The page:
• Different processing systems for different applications
  • The benefits of combining Windows, a non-real-time operating system, with a separate real-time system with each running its own core.
  • Using FPGAs because of their versatility and power.
  • High-speed processing
  • CPUs vs. GPUs
  • Data crunching

Webcast:

Image Capture, Part II
Date: September 24, 2009
Where: Right from your Internet browser
Duration: 60 minutes

Description:

In our last webcast, our panel of experts discussed the use of optics and sensors—and how they worked together—in machine vision image capture. In this, the third of four Machine Vision Professional (MVP) webcasts, our panelists will talk about sensors and cameras in various machine vision applications.


Couple of bulleted ‘take-aways’:

  • How to choose a camera and sensor for your application.
  • CCD or CMOS?
  • What about smart cameras?


Webcast:

Capturing the Machine Vision Image
Date: June 18, 2009
Where: Right from your Internet browser
Duration: 60 minutes
Description:

In the first of our four Machine Vision Professional webcasts, our experts discussed the importance of illumination. In the second, on June 18, we'll review image capture with a focus on optics and sensors. We all know the difference between a charge coupled device (CCD) and a complementary metal oxide semiconductor (CMOS), but how do you choose between them for your application? And how do you match your sensor with the lens you've chosen?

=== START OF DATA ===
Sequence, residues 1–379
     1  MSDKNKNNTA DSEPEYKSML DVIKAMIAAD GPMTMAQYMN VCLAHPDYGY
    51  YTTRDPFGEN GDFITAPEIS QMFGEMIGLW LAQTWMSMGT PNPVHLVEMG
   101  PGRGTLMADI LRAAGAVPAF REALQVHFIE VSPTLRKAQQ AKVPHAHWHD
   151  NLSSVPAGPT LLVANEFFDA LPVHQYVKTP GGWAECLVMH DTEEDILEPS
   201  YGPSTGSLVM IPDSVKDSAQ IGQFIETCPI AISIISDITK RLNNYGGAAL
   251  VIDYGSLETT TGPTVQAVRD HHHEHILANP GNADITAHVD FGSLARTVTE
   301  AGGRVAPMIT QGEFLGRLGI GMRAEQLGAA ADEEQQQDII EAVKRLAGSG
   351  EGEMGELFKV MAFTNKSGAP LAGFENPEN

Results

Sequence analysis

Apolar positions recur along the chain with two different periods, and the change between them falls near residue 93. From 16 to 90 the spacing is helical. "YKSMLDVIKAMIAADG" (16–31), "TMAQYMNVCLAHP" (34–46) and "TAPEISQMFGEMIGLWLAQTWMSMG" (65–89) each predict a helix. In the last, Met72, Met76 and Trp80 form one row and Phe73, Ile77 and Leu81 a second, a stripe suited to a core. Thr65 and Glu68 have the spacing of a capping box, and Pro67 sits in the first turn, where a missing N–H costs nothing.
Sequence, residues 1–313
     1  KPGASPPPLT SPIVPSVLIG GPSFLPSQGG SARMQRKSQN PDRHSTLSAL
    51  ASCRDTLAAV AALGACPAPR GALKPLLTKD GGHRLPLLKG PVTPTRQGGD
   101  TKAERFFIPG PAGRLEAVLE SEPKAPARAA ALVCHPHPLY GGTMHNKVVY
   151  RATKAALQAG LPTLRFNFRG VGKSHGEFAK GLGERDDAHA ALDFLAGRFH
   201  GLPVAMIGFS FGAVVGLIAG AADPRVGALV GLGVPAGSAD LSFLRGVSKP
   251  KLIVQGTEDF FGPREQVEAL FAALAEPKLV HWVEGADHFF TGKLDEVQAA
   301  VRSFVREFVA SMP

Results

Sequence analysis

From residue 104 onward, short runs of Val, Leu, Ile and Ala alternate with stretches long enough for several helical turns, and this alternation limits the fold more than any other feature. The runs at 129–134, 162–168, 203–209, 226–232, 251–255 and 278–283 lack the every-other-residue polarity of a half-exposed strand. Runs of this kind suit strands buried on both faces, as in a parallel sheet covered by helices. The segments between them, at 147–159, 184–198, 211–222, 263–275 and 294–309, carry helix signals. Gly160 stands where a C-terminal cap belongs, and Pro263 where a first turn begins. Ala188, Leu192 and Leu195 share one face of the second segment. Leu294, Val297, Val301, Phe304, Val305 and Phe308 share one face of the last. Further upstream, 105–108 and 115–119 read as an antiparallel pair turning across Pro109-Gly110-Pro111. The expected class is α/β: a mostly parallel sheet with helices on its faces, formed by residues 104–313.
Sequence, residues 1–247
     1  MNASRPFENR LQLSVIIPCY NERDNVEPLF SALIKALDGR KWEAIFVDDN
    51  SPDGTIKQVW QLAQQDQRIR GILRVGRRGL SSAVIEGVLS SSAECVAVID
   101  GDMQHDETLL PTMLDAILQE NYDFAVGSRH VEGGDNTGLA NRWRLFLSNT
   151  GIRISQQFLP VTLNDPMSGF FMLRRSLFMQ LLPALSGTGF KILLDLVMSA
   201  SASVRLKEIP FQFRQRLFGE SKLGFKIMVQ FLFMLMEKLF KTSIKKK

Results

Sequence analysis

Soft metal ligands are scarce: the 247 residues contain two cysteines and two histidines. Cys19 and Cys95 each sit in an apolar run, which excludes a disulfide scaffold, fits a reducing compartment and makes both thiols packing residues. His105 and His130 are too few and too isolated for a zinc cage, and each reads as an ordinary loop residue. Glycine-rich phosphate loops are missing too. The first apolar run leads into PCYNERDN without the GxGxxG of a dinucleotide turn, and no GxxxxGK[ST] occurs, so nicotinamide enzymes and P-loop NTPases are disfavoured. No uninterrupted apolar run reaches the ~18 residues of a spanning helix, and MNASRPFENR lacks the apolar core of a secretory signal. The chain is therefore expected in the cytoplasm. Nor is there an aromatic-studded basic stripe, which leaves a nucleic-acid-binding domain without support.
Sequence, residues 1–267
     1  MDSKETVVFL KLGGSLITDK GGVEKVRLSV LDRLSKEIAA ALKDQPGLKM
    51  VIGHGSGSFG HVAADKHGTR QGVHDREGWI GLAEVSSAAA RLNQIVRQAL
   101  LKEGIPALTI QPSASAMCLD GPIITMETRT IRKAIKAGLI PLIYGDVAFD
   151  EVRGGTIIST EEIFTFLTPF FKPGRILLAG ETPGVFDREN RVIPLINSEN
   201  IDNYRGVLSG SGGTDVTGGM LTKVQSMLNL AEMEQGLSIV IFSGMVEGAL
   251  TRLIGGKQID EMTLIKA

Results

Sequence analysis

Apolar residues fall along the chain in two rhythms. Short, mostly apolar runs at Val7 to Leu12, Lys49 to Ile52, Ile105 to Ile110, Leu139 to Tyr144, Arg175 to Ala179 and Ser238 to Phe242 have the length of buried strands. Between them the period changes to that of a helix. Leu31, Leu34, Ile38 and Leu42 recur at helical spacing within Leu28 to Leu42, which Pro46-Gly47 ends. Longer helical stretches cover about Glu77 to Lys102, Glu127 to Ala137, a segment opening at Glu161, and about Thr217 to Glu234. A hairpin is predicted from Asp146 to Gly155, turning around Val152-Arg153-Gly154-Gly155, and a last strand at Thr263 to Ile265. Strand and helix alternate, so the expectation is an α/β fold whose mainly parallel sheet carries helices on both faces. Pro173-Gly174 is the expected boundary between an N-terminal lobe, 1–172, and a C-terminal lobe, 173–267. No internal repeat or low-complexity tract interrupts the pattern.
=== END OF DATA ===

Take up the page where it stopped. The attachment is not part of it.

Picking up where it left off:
This webcast will be moderated by Advanced Imaging's Editor-in-Chief, Barry Hochfelder.

You'll learn:

• How to gain compatibility between the optics and image sensor in your machine vision system.
• How to evaluate your sensors, including dynamic range, signal-to-noise ratio and low-light sensitivity.
• How to determine which sensor is best for your specific application.
• How to choose a lens based on criteria such as field of view, resolution, distance from target and depth of field.



Webcast:

Shining a Light on Machine Vision
Date: March 26, 2009
Where: Right from your Internet browser
Duration: 60 minutes
Description:

Illumination is a crucial aspect of any machine vision application. New users need to spend time selecting the proper form. Sometimes it's the cheapest and simplest variation, but not always. One expert recommends spending 80 percent of the time on lighting before using an application. Camera, lens and software are important, of course, but proper illumination highlights the target and enables you to get the proper information.

The correct type, whether indirect or dark-field illumination or backlight, among others, is vital to your application. Most people know the different types but not necessarily how to use them. It's not all cut-and-dried, but until they actually test their first choice they won't find out that something may work better for their project.

This webcast will be moderated by Advanced Imaging's Editor-in-Chief, Barry Hochfelder and will focus on:

Numerous forms of lighting, including the traditional default lighting, halogen coupled with fiber optic.

Benefits, drawbacks and limitations of each.

Other forms of lighting our experts will discuss include LEDs, metal halide, xenon and fiber optics, among others, and explain which are best for a number of applications and which to stay away from.